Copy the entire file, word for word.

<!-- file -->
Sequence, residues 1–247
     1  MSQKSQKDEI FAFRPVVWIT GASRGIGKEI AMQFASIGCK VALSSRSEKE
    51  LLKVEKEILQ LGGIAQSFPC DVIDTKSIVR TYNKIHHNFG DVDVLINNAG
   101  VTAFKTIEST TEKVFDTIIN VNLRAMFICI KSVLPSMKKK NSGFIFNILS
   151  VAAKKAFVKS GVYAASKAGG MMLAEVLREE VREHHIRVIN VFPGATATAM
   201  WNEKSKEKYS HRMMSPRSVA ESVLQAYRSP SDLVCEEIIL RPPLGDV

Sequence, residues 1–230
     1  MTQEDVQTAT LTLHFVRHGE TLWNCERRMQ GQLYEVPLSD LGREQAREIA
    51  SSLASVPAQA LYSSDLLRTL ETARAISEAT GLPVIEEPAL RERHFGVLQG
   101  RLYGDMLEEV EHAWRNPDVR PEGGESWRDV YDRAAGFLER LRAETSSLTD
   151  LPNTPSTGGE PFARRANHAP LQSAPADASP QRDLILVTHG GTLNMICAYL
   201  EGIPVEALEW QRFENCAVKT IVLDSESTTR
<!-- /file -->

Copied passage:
Sequence, residues 1–247
     1  MSQKSQKDEI FAFRPVVWIT GASRGIGKEI AMQFASIGCK VALSSRSEKE
    51  LLKVEKEILQ LGGIAQSFPC DVIDTKSIVR TYNKIHHNFG DVDVLINNAG
   101  VTAFKTIEST TEKVFDTIIN VNLRAMFICI KSVLPSMKKK NSGFIFNILS
   151  VAAKKAFVKS GVYAASKAGG MMLAEVLREE VREHHIRVIN VFPGATATAM
   201  WNEKSKEKYS HRMMSPRSVA ESVLQAYRSP SDLVCEEIIL RPPLGDV

Sequence, residues 1–230
     1  MTQEDVQTAT LTLHFVRHGE TLWNCERRMQ GQLYEVPLSD LGREQAREIA
    51  SSLASVPAQA LYSSDLLRTL ETARAISEAT GLPVIEEPAL RERHFGVLQG
   101  RLYGDMLEEV EHAWRNPDVR PEGGESWRDV YDRAAGFLER LRAETSSLTD
   151  LPNTPSTGGE PFARRANHAP LQSAPADASP QRDLILVTHG GTLNMICAYL
   201  EGIPVEALEW QRFENCAVKT IVLDSESTTR